My own opinion is that DES caused intersexed development in the DES sons by blocking testicular testosterone production. DES is a potent chemical castration agent that for many years the treatment of choice for hormone-sensitive prostate cancer. Just 3mg of DES per day is enough to fully chemically castrate an adult man; the starting dose as a miscarriage treatment was 5mg per day (and often went much higher during the later stages of the pregnancy). It’s a not widely appreciated fact, but male development isn’t driven directly by genes, but instead by hormones (primarily testosterone) produced in the testicles of a male fetus. Given the ability DES has to block testosterone production, it’s no surprise that many DES sons are physically and/or psychologically intersexed. The surprising thing is that there’s so little public awareness of it!
If the problem is just one of testosterone production being suppressed during the critical time sexual development was taking place, then I don’t see any reason for there to be any long term genetic effect or 3rd generation effects. However, one thought that’s occured to me is that DES daughters often have a great deal of difficulty getting pregnant and carrying the pregnancy to term, which puts them at vastly increased risk of medical intervention – and potentially being given hormonal medication during the pregnancy. If one of these hormonal treatments for miscarriage (DES) can cause problems with intersexed development, then the likelihood is that others can too. There’s one drug in particular called hydroxyprogesterone caproate, which is in widespread current use to prevent miscarriages and premature births, and is being given in doses which I’m sure would have some serious gender-bending effects if you were to give the same dose to an adult man.
In short, although DES was phased out 40 years ago, there’s plenty of other sex hormone derivatives still finding their way inside pregnant women and potentially causing many of the same problems. That’s why I’ve been trying so hard to get people to take me seriously, and see whether there’s a link between exposure to these drugs before birth and endocrine and intersex-related problems later in life!
A post comment by Hugh Easton
More DES DiEthylStilbestrol Resources
- DES studies on cancers and screening.
- DES studies on epigenetics and transgenerational effects.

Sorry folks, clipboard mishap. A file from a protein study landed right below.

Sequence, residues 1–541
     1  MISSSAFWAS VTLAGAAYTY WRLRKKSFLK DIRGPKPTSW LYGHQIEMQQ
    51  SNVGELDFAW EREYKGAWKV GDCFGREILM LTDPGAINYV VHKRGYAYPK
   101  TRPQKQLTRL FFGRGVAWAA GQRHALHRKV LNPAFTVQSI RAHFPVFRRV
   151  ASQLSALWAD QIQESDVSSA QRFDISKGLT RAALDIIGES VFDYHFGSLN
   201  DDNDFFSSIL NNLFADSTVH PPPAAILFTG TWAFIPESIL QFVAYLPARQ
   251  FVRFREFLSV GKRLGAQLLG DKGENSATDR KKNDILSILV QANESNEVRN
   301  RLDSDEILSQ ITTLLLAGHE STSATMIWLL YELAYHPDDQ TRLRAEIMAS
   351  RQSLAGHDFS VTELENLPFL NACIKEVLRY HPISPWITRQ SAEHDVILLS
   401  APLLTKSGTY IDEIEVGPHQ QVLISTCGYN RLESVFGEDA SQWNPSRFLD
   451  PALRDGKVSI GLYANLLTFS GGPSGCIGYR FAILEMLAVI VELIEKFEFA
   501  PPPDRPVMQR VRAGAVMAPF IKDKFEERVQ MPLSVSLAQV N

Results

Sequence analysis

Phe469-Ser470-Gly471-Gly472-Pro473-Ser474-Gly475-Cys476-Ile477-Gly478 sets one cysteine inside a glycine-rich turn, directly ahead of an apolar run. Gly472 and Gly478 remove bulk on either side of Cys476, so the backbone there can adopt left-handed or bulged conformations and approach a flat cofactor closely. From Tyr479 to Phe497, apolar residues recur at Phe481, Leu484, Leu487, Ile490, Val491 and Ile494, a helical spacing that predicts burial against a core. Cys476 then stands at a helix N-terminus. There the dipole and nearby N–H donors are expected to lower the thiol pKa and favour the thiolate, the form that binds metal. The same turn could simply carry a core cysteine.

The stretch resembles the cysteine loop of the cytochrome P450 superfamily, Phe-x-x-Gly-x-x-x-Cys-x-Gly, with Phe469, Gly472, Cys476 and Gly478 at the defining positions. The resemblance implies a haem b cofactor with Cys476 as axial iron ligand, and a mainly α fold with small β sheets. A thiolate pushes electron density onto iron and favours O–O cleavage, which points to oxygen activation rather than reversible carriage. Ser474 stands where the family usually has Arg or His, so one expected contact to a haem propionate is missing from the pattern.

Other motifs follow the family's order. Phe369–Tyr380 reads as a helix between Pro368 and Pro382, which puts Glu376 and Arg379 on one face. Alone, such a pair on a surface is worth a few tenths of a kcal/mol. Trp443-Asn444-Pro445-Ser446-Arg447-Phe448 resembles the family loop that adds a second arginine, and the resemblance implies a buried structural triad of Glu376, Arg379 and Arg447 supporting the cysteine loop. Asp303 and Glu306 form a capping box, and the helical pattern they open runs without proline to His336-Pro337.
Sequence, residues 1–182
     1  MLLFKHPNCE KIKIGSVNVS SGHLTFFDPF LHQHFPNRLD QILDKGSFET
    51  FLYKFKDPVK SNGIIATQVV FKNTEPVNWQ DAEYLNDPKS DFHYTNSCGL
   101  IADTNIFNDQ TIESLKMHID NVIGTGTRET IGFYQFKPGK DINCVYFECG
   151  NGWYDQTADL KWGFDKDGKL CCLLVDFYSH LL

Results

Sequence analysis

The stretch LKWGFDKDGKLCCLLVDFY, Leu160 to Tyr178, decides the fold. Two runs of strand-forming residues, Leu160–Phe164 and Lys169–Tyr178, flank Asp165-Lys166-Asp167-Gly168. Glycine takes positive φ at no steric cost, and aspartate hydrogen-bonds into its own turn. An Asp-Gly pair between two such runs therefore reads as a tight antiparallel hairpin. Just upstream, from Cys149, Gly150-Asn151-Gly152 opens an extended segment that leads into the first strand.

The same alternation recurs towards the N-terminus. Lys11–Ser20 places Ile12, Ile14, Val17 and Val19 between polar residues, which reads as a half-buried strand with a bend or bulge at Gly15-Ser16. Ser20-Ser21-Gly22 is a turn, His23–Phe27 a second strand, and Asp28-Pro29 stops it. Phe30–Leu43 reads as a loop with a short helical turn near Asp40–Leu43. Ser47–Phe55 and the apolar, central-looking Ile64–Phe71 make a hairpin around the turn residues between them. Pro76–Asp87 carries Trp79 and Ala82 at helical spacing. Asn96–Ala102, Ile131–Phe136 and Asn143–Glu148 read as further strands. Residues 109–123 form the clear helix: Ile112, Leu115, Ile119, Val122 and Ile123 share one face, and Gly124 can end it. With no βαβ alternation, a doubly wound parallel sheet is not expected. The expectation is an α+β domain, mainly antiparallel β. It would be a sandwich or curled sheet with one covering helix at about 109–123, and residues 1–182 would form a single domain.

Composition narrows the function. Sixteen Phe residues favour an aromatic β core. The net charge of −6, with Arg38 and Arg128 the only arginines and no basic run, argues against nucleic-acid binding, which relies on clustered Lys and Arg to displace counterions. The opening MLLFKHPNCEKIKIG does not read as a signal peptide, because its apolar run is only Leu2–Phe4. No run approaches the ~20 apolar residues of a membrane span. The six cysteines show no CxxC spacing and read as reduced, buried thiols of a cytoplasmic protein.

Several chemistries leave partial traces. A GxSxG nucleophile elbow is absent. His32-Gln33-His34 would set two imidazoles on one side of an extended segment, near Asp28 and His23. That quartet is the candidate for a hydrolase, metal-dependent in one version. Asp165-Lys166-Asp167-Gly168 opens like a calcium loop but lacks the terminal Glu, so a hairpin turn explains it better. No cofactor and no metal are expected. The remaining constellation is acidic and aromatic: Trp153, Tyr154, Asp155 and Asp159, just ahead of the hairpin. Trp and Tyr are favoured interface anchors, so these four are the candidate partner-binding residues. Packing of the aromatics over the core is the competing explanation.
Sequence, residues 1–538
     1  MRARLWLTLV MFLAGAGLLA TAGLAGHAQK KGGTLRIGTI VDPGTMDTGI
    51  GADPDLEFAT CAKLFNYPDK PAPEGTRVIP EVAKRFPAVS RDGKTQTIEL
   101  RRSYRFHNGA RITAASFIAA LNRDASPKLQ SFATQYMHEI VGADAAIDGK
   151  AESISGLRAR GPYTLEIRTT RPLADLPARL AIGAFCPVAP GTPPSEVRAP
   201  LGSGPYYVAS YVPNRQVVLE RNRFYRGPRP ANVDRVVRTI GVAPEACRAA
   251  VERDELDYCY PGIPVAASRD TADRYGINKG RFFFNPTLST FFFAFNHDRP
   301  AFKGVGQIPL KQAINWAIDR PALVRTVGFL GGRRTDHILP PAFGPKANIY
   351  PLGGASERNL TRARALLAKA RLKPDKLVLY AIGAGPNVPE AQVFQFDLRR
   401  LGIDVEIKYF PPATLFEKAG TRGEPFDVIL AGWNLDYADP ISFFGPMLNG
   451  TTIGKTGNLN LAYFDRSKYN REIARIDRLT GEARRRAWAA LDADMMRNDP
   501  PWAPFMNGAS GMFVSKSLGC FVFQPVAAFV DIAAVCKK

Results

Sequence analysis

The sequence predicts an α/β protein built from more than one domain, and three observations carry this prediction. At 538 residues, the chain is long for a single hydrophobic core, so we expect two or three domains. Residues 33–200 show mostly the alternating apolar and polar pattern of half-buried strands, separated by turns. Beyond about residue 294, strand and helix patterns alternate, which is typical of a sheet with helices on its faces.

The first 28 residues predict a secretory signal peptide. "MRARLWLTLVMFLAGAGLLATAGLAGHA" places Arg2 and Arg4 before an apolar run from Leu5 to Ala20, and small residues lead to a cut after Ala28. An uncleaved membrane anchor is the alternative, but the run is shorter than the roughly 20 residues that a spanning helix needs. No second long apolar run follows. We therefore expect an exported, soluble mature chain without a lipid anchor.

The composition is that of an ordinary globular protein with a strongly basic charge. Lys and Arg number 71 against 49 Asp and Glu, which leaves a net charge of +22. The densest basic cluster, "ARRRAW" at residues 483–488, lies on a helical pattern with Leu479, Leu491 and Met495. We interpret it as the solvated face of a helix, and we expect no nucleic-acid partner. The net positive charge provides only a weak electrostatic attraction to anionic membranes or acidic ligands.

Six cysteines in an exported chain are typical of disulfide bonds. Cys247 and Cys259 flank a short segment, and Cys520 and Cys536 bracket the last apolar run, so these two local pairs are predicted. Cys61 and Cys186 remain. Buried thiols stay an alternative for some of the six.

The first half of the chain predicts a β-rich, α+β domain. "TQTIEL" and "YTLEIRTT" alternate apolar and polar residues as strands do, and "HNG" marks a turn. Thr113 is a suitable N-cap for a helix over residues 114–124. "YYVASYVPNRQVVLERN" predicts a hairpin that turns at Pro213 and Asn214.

- DES studies on fertility and pregnancy.
- DES studies on gender identity and psychological health.
- DES studies on in-utero exposure to DES and side-effects.
- DES studies on the genital tract.
- Papers on DES lawsuits.
- DES videos and posts tagged DES, the DES-exposed, DES victims.
4 thoughts on “DES caused intersexed Development in the DES Sons by blocking Testicular Testosterone Production”
A great read.
I may have been exposed to DES I’ll never know for sure. I was born with a undescended testis that even after surgery brought it down it failed to grow more than the ten year old size it was when it was removed . Many years later it became malignant and turned out to be an fetal ovary and not a testis. In fact the other so called normal testis never matured to normal adult size. Because of this and my low T levels I also have hypogonadism, as one would expect. In other words I am intersex. Mostly male nature but also some female body development and personality.
In addition I had several very large Mature Teratoma (baby or fetal like) growing in my abdomen. These where growing my whole life in my body my whole life and most likely contributed to my feeling of being pregnant for thirty plus years. The largest of these where 14.5×8.5×6.5cm
Needless to say this has been a real hardship my whole life and it is only now that I’ve been putting the facts together.
I’m not sure but I suspect the doctors did some additional surgery when my undescended testis was repaired. First the scar on my abdomen was huge for such a minor surgery and second the nurse came into my hospital room and whispered that they saved me from being a girl. At ten years old I was too scared to tell anyone what she said. In addition the doctors left the hospital, never speaking to my parents about the surgery. The next year I had more surgery. My parents never question anyone about my surgery.
How I discovered the growing cancer turned out to be another horror story.
I was treated for Ovarian cancer at the Mayo Clinic and several other hospitals in Minnesota.
thank you so much for sharing your story with us Dave